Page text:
- From my Google Reader
- Listening to my iTunes podcasts
- Smart people on twitter
- Maps on Deb’s iPhone app
- Texting traffic help from son in car
- Links from @hewilbrandt on Youtube
- Face to face conversations in Philly at dinner w/ @jennyluca @mcarls @dmcordell @rinegarcia and @capohanka
Today…looking forward to seeing the SLA kids and teachers again, two years later. Remembering that first Ustream @chrislehmann did from one of the classes, thinking this school is amazing.
Image: ‘04.28.09 [#118] Feet Week – On the+Backs+of+Others’
A recent tweet from @dancallahan led me to an article in today’s NYT, which explains why it might be better for kids to play and then eat.
My eighth-graders come racing to class after their 30 minute outside “play” time after lunch, and I’ve often wondered if they are just too excited to buckle down at that point. Eating after play might be just the ticket!
Ok, they’re not smiling. And the photo isn’t even clear.
But it’s all I’ve got today, and I want to write about how much fun I’m having working with the 8th graders these days. We are reading Romeo and Juliet aloud, dressing up and acting out as much as we can. Students have also picked topics about the Renaissance Period to research, placing it on a wiki. This is what I’ve noticed:
- pick up nuances and laugh in appropriate places
- can’t wait to be picked to read aloud
- do better when in costume
Renaissance Day is Feb. 16. We are so lucky to have fellow teacher Keith Wamsley and Dr. Bill Atalay, authors of Leonardo’s Universe, who will share their thoughts about the time period AND donate two books for a class contest.
I can’t wait.
An unexpected snow day. I could have worked on lesson plans or graded papers. I could have read the book waiting for me on the coffee table.
Instead. I watched four episodes of Battlestar Galactica. In a row. In front of a fire. So good.
The beginning of the year means a new semester for me.
And more than ever, I want to move away from the traditional approach I’ve used in the classroom for way too many years. My literature is set by the department, but the way I approach it is flexible. So here is what I left on my class blog for the students:
Can you believe it’s time for school again? I missed you all and can’t wait to get started. We’ll be focusing on these essential questions for about 7 weeks:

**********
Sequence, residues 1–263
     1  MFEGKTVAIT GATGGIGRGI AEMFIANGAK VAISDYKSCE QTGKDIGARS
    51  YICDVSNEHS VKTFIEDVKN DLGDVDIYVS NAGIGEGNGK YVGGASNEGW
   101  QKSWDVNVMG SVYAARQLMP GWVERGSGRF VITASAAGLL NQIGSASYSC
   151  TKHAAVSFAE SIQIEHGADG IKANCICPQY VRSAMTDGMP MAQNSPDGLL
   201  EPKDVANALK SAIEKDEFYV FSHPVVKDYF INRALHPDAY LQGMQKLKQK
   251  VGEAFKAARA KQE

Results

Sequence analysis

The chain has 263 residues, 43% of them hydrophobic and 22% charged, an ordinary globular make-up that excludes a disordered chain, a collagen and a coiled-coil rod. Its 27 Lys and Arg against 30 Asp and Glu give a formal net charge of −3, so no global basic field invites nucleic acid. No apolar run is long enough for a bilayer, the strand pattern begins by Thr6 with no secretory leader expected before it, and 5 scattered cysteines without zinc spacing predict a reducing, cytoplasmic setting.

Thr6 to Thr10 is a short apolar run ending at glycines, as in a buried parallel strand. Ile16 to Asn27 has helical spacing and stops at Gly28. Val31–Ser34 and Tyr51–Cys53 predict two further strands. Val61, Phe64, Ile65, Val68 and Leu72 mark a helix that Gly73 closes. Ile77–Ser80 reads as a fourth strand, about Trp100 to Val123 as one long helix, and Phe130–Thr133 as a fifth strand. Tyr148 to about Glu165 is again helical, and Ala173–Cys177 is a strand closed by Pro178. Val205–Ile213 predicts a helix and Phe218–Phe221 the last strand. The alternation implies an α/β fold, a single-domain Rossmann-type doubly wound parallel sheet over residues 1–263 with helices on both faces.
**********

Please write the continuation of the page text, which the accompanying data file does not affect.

- Does/should society determine rules for its citizens? (Sound familiar??) What happens when people don’t follow society’s rules? Should they have free will?
- Is love at first sight possible? In what way does love or hate affect a person’s rational thought?
- What is the effect of a long-term conflict between groups and between individuals within the groups?
- What is the effect of misunderstandings in communication? How important is clear communication?
Our work will include:
- Researching and writing our results up on a wiki (more time to work on citing sources)
- Reading Romeo and Juiet aloud in groups
- Presenting the play to sixth- and seventh-graders
- Writing essays about our essential questions
- Reading one independent book about or from the time period (1400-1700, being very flexible here!) See the stack in my room to get you started…
See you Monday.
The questions tie to literature and discussions we had first semester, so I hope to see them make connections to that as well as what they are studying in history. Their writings will focus on the questions as they relate to the play.
As I was finishing up my plans, a friend (the history teacher referred to as HT from now on) walked in the room, saying she had found a book I might want to use. Do I?? Wow. Good Masters! Sweet Ladies! Voices from a Medieval Village by Laura Amy Schlitz is a perfect way to introduce this time period to the students. I stretch the Renaissance to begin with the Middle Ages, trying to give them a sense of the changes and cultural shifts. This book offers poems, plays, and short readings for middle school students. And I plan to start each class period with a reading either by me or one of the students. Thanks HT.
Between that and having costumes available to the kids to throw on while reading aloud, I hope to make them feel they are living the time period. We’ll also have a ning, where they will talk in character. The unit will culminate in a Renaissance Day with students in costume, presenting their research to the other middle school students.
Though I am sorry to see the break end, I am excited to see the kids and get back to work.